A lot of the chemical cleaners that are used daily in our homes are made of toxic substances lie petrochemicals. For people who are health conscious is wiser to use a natural cleaning substitute.
Whatever gets on our skin is absorbed into the body, also when we breathe in chemicals too!
A staggering number of synthetic chemicals have been manufactured for the past five decades. Most of these were fashioned from coal tar and petroleum which is specifically to function as chemical weapons for a warfare situation. Unfortunately, many of the substances does not go any safety testing for their possible effect on human and their health.
Also, without our consent, they become additives to our food, water, and daily products such as the common household cleaning product. These toxic chemicals are included without informing us of the risks they pose or advocating preventive measures.
Yearly, there are processes where thousands of new chemicals are being introduced while crucial information is suppressed by the industry from the buying public.
Less than ten percent have been tested for mutagenic, reproductive or chronic effects while less than five percent have undergone testing for acute health effects on humans. Moreover, long-term risks or their influence on the unborn or even the combined effects on the health of humans has not been at all tested.
Chemical cleaning products that you use from a bottle container is exposing you to toxins through skin contact from the fumes you breathe. The chemicals become airborne which in turn releases particles of the air-born chemical into your lungs when breathing, and this happens when you spray petroleum-based toxic cleaners. But by using natural cleaning products, you and your family’s exposure to these toxins can be lessened. Even for your laundry detergents, manufacturers do not even put the full list of ingredients that they use for their detergent containers.
Unknowingly, we are being exposed to its chemical composition such as ammonia, phosphorus, phenol, enzymes and naphthalene along with numerous other chemicals are most commonly included in laundry detergents.
Body reactions such as itching, sneezing and allergy problems, and as well as rashes and more complicated health problems, may be caused by these petrochemicals and other ingredients in detergents.
These petroleum-based chemicals can enter the body by being able to be absorbed into the skin from the residue that remains in your clothing, sheets, towels, and other fabrics after washing.
Bleach, on the other hand, is also a very strong corrosive and can irritate and burn the eyes, the respiratory tract and skin as well. When accidentally ingested, it can cause vomiting, coma or pulmonary edema to the person. Remember that you must never combine bleach with ammonia or any type of acid toilet bowl cleaner since these mixtures do produce toxic and deadly fumes that should never be inhaled nor absorbed by the body.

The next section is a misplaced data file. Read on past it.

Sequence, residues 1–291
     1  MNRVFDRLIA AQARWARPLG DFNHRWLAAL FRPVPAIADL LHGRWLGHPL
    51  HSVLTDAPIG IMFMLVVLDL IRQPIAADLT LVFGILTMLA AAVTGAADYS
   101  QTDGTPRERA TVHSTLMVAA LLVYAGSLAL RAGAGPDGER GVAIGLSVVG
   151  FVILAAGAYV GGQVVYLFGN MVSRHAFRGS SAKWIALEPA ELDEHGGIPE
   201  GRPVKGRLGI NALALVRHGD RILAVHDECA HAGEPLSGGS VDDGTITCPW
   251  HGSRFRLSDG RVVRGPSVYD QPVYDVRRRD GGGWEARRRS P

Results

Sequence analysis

Let these information serve as a reminder when purchasing cleaners. Like any other items, natural is still always better..
Make Your Own General Purpose Cleaner
For use on tiles, bathroom panels, mirrors, windows and hard bathroom and kitchen surfaces.
- 1/2 cup vinegar
- 1/4 cup bicarbonate of soda
- 2 litres water
Mix together all ingredients in a bucket of water. Decant into a spray bottle. Store and keep.
Vinegar Window Washing Solution
- 1 part vinegar
- 1 part hot water
Hint: The heat of the water helps the vinegar to clean better.
Vinegar Toilet Bowl Cleaner
- 1/4 cup white vinegar
Put the vinegar into the toilet bowl and let sit for a few minutes before cleaning.
Using vinegar is a good way to “green clean,” meaning it is better for the environment.
Caution: Do not believe any homemade cleaning recipes that say that vinegar will disinfect your toilet or any other surface. It will not. Please see my whole article on why vinegar does not disinfect for more details.
Carpet Freshener And Deodorizer With Essential Oils
- 1 cup baking soda
- 7-10 drops essential oil (whatever scent you prefer)
Step 1: Combine the baking soda and essential oils together, in a large bowl. The mixture will have a tendency to clump up, and therefore you must break up the clumps and try to distribute, as evenly as you can, the essential oils througout the baking soda.
Step 2: Place this mixture into a shaker with large holes.
Step 3: Sprinkle the mixture on the carpet.
Step 4: Wait approximately half an hour and then vacuum it up.
Homemade Dishwasher Detergent
- 1 1/2 cups borax
- 1 1/2 cups baking soda
- 1 cup table salt
Combine these dry ingredients together into a container, and shake until mixed thoroughly.
This makes four cups of homemade dishwasher detergent, total. Use 1/4 of a cup per load, meaning that you have made enough for 16 loads of dishes from this recipe.
She also warns that it is not as strong as some other commercial dishwasher detergents, so you must be even more careful about scraping and pre-rinsing your dishes before running the dishwasher.
Natural cleaning cupboard must-haves
- Bicarbonate of soda (buy a large container from the chemist, rather than small pots from supermarkets. Also available in bulk online)
- White vinegar (available to buy in bulk from supermarkets)
- Lemon juice
- Essential oils (especially tea tree oil, lavender oil, eucalyptus oil and lemongrass oil)
- Castille soap – chemical-free vegetable-based soap (Dr Bronner’s is available online in hard and liquid forms)
- Soapnuts (Available at Friends of the Earth shop, Budgens stores and other online shops)
- Soda crystals (washing soda). Find in the laundry section of large supermarkets
- Spare jars and spray bottles